For this to occur, the Elipse E3 triggers a command on a by-pass valve, causing it to act so as to divert water from the weir directly to the REL, without going through the RAP. To make sure this happens, the software also automatically closes the RAPs inlet valve.

Automation of the system supplying the industrial district of Pacajús

The system that supplies the industrial district Pacajús comprises two pumping stations (EB Ererê and JBS), both located in Pacajús weir, capable of storing up to 240 million cubic meters of water. Both stations are responsible for sending the water from the weir to their respective reservoirs.

The EB Ererê supplies two reservoirs. The first one is called RAP Vicunha, named after a large textile factory that, due to its high demand, has its own reservoir .The second is the RAP of the industrial district of Pacajús, from where water is sent via three pumps to the REL that will supply, by gravity, the other factories in the industrial district of Pacajús.

Figure 2. Screen of Pacajús industrial district's supply system control

Figure 2. Screen of Pacajús industrial district’s supply system control

Alarms Report

To keep any problems from happening and/or getting worse, the Elipse E3 issues reports that allows choosing the time period to be monitored, containing all the information about the events that occur in the process of water supply of the industrial districts of Maracanaú and Pacajús, such as: the period when the alarm was triggered; the affected area; the description, date, and time when the occurrence was registered; and the name of the user responsible for its acknowledgement. This data is displayed in the reports, and is printable in PDF.

Finally, the Elipse E3 also displays the alarms being scanned in real time, at the bottom of its screens. So, in case there is any problem with a pump, for example, the software beeps and displays the details about this occurrence at the bottom of the screen, as shown below.


Figure 3. Reports of the alarms indicated on the Gavião weir’s automation system


“Reduction of both maintenance costs and water consumption, and increased security and reliability”: in the opinion of Siomara Peixoto Lima, COGERH’s electrical engineer, these are what set Elipse E3 apart in comparison to the control that existed prior its installation. According to her, before the system has been implemented, if there was a water shortage at Vicunha’s RAP, for example, the operators had to first diagnose the problem visually, and only then get in touch by phone with their colleague positioned at EB Ererê to request activating the pumps and sending water to that reservoir.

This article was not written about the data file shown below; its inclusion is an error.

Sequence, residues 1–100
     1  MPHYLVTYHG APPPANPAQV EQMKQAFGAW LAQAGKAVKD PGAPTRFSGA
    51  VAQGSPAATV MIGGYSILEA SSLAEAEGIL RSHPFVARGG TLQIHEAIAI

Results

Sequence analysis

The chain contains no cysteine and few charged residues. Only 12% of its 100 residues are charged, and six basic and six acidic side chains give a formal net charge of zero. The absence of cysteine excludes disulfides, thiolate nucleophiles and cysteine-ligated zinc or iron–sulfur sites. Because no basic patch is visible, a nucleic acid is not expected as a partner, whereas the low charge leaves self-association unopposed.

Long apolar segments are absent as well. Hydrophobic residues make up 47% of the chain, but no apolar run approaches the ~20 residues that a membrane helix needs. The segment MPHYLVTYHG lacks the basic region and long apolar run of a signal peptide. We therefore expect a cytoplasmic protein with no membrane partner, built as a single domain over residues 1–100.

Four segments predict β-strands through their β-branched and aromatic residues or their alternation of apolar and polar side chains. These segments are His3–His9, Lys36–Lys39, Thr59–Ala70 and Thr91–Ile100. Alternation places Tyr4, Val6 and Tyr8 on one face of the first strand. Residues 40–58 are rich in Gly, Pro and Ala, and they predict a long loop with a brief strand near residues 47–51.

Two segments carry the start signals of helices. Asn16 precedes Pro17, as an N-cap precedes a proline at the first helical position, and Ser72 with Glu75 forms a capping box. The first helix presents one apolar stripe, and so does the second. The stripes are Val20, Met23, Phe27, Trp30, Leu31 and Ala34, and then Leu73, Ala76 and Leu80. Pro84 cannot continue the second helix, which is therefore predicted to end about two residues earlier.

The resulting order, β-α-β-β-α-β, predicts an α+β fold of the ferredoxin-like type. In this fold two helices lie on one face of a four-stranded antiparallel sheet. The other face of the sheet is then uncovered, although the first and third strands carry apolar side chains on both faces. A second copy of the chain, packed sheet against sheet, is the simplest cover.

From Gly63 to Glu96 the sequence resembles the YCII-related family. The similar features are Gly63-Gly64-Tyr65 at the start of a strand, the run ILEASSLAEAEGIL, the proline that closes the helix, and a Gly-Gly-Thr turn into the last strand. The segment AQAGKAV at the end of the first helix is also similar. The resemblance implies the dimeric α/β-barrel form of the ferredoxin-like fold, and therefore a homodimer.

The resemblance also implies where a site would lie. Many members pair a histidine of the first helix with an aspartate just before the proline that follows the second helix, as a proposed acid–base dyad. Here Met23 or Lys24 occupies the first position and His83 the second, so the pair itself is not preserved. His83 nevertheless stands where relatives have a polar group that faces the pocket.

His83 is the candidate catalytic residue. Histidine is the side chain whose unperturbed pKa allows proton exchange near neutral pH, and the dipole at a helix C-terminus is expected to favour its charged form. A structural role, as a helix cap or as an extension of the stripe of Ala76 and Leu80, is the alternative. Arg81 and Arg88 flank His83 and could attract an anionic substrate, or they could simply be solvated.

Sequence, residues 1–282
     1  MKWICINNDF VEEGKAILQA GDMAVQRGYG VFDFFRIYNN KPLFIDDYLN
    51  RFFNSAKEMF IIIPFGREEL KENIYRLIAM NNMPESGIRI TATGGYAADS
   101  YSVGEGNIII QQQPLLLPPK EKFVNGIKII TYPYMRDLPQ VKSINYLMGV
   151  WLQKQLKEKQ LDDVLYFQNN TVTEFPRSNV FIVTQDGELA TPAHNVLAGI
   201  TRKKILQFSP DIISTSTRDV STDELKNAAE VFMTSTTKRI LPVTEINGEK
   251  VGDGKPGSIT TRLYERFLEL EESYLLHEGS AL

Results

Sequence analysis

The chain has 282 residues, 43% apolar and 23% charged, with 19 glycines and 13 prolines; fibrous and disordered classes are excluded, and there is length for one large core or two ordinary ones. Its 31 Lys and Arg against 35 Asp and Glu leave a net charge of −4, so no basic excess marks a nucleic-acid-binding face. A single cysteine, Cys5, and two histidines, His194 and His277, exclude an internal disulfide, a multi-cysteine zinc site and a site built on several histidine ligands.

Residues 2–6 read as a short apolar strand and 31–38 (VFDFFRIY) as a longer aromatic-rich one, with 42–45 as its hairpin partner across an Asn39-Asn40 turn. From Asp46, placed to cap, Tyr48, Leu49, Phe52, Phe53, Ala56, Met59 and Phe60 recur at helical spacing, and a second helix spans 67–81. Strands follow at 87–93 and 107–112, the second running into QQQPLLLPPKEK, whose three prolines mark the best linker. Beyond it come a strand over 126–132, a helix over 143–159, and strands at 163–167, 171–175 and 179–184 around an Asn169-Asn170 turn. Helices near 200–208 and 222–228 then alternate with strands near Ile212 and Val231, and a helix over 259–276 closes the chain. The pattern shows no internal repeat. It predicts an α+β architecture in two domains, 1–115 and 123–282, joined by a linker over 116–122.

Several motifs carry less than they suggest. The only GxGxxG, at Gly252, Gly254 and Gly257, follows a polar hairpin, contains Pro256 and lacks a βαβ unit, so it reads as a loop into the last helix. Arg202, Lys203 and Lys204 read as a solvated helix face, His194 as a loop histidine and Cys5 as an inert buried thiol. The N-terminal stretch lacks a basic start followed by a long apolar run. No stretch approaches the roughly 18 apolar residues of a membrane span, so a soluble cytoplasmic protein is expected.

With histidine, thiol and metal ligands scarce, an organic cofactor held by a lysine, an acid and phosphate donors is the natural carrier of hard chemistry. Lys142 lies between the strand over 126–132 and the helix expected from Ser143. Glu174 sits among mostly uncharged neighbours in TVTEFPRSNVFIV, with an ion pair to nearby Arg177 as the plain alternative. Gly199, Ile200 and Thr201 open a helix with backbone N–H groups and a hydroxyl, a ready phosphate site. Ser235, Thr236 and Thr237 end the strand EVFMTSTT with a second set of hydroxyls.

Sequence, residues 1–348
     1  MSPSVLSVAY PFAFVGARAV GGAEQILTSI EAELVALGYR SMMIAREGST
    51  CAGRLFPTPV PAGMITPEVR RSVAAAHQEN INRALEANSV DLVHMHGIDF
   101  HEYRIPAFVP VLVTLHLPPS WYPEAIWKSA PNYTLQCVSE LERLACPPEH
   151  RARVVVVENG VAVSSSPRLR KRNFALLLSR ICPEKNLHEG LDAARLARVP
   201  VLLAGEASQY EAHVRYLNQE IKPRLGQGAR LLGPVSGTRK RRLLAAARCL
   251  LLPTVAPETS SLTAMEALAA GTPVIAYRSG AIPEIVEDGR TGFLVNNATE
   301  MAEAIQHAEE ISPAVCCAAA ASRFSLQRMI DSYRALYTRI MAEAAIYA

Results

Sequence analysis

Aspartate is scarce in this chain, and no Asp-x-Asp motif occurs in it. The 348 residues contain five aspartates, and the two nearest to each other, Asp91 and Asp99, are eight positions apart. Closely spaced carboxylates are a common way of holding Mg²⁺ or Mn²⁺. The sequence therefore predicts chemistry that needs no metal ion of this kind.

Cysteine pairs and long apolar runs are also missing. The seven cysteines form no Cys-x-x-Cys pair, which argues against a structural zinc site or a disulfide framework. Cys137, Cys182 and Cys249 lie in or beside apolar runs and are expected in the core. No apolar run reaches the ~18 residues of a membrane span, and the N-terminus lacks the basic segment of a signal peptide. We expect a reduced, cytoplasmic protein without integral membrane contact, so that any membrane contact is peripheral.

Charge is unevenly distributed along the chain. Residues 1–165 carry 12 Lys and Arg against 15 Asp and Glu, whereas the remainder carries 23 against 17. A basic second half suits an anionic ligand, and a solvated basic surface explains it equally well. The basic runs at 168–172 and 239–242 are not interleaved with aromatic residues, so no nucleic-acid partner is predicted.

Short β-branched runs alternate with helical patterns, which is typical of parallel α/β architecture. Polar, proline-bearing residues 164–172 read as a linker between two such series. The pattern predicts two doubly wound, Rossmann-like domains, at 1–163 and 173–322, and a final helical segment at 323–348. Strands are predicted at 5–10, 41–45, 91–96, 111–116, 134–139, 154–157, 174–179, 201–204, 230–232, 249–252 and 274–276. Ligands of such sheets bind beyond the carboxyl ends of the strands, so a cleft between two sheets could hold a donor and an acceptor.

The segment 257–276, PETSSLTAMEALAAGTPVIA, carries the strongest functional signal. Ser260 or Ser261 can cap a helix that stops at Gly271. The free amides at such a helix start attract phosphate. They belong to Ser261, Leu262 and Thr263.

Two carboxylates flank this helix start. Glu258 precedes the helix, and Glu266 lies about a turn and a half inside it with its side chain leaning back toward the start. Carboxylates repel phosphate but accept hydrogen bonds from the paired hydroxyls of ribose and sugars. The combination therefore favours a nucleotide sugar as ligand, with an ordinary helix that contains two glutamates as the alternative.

“The operators were very dependent on their cell phones, which sometimes failed, and it slowed down the resolution of problems,” said the engineer.


Figure 4. Siomara Peixoto Lima at COGERH’s operations center

In this case, in addition to delaying pumping water into the reservoir, COGERH had a greater expense regarding connections and water consumption. When there was a water leak, for example, the operator had to diagnose the problem and call the maintenance team, which often was not done in time to avoid waste.

“Thanks to Elipse E3’s alarm system, the operator is immediately informed of any problems and can trigger the maintenance team as soon as possible,” said Peixoto.

See below the main benefits provided by using this software:

  • Its control, which was previously manual and dependent on the use of cell phones, is being performed remotely, and cell phones are used only to clarify any questions or in the case of power failure in the system.
  • Considerable decrease in the number of phone calls (50 a day to virtually no calls).
  • Less water waste due to the greater control of pumps, valves, reservoirs, pipelines, and other devices involved in the supply system of the industrial districts of Maracanaú and Pacajús.
  • Visual and audible system alarm to alert operators if there is any problem in the supply system, which helps to reduce the cost of water consumption.


Client: COGERH - Companhia Gerenciadora de Recursos Hídricos

Systems Integrator: DPM Engenharia Ltda.

Software: Elipse E3

Number of copies: 2

Platform: Windows 7